#GlobalTemperature, #TemperatureHigh, #SeaSurfaceTemperature, #GlobalWarming
IBNS: Global average sea surface temperatures (SSTs) have been consistently high over the past five months, and remained at record-high levels for the time of year throughout April, May, June and July 2023.
This situation has continued into August, which saw both the highest daily global SST in the ERA5 record and the highest monthly average global SST, read the European Union’s Copernicus Climate Change Service website.
Typically, SSTs reach their highest level for the year in March and then begin to fall, before a slight increase again during July and August.
Copernicus Climate Change Service (C3S) data show this year to be atypical in that, after an initial sharp rise in early March and only a slight dip during April and May, global average SSTs have continued to rise to reach the highest value in the C3S ERA5 dataset of 21.02°C on 23 and 24 August.
This is higher than the previous record of 20.95°C, set in March 2016. In fact, every day from 31 July to 31 August this year has been warmer than the previous record set in March 2016.
As well as daily SSTs remaining consistently above average, last month saw the largest SST anomaly by far for any August in the dataset, at 0.55°C.
The monthly average SST for August, at 20.98°C, was higher than the previous record of 20.89°C, set in March 2016 and reached again in July this year
The high SSTs have coincided with the development of El Niño conditions in the equatorial Pacific, declared by the WMO in early July.
This naturally occurring climate pattern of warmer-than-average SSTs in the tropical Pacific leads to a higher likelihood of unusually warm temperatures across many parts of the planet.
However, high SSTs outside of the equatorial Pacific basin are also playing an important role. This is particularly true in the North Atlantic.
The average SSTs for the North Atlantic region increased in July and, by the end of the month, they came close to the previous daily record of 24.81°C set in September 2022.
This record was broken on 5 August, after which SSTs remained above this level, setting a new record of 25.19°C on 31 August. The average anomaly for August as a whole was 0.94°C, well above the previous record of August 2010 (0.48°C).
In June and July, exceptional SSTs and associated marine heatwaves were seen in large sectors of the North Atlantic, especially in the northeastern part in June, and unusually high SSTs also developed in the northwestern Atlantic in July.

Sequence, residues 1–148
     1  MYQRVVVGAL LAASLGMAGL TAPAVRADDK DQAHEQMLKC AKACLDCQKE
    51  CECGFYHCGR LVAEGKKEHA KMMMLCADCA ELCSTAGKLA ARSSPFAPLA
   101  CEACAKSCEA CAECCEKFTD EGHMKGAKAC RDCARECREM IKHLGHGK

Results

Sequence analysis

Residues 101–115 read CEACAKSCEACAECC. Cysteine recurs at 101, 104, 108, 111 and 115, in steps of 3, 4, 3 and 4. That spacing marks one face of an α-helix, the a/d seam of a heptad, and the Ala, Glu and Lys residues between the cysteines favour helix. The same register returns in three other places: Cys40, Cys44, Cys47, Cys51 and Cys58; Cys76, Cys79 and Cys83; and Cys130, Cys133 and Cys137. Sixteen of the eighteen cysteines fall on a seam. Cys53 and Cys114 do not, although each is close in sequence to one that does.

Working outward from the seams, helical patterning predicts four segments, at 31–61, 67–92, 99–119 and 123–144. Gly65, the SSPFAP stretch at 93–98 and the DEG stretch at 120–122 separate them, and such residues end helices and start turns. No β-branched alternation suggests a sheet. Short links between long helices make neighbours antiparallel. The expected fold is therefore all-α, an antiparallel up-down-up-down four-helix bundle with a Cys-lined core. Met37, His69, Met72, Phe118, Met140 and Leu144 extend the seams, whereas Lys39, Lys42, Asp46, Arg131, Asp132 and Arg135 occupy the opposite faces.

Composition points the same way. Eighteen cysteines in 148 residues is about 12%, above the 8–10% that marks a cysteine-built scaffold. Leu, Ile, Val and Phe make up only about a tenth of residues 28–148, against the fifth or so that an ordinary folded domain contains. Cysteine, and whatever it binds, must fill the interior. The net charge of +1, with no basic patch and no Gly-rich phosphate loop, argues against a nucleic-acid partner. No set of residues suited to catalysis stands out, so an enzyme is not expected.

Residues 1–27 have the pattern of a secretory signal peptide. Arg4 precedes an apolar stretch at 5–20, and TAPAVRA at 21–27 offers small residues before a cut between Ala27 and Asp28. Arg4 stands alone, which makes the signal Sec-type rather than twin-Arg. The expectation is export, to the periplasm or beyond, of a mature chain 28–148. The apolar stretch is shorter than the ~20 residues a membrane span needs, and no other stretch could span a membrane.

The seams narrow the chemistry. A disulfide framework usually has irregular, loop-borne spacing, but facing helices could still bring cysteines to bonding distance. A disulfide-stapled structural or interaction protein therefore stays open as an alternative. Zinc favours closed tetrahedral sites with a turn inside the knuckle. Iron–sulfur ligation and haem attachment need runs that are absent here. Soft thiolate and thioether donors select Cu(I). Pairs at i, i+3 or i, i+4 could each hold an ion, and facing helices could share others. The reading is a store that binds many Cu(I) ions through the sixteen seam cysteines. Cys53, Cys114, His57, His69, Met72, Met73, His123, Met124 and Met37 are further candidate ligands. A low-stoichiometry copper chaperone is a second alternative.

In August, while some parts of the North Atlantic, such as southwest of the UK and Ireland, exhibited smaller anomalies or even negative anomalies compared to July, other areas have experienced warming. For example, August also saw the development of a marine heatwave off the Iberian Peninsula.
The warm tropical Atlantic SSTs have also contributed to an active month for the Atlantic hurricane season, with six tropical cyclones occurring in August 2023. By the end of the month, it was reported that accumulated cyclone energy (ACE) for the North Atlantic reached 138% of the average for the date.
The unprecedented SSTs have been associated with marine heatwaves; periods of unusually high ocean temperatures. These can have significant and sometimes devastating impacts on ocean ecosystems and biodiversity, and can lead to socio-economic impacts due to effects on fisheries, aquaculture, tourism and other industries.
A strong marine heatwave in the Atlantic, west of the Iberian Peninsula, strengthened during August, developing from moderate/category 1 to strong/category 2 (of 5) in the second half of the month.
Marine heatwave conditions continued south of Greenland, but reduced from severe/category 3 conditions in July (locally extreme/category 4), to strong/category 2 by the end of August. Marine heatwave conditions in the tropical Atlantic continued through June, July and August.
Heatwave conditions that developed in the Mediterranean in July reduced and mostly dissipated during the first half of August. However, strong/category 2 conditions developed again in the western part of the Mediterranean Basin in the second half of the month. These appear to have reduced again in the last few days of August.
Marine heatwave conditions spread across the western part of the Indian Ocean during August, with strong/category 2 conditions north of Madagascar and in the northern part of the Mozambique Channel, the Arabian Sea, and in the southern part of the Bay of Bengal.
In August, the tropical Pacific experienced strong/category 2 to severe/category 3 marine heatwave conditions, associated with El Niño. Strong/category 2, and locally severe/category 3 marine heatwave conditions developed off Japan.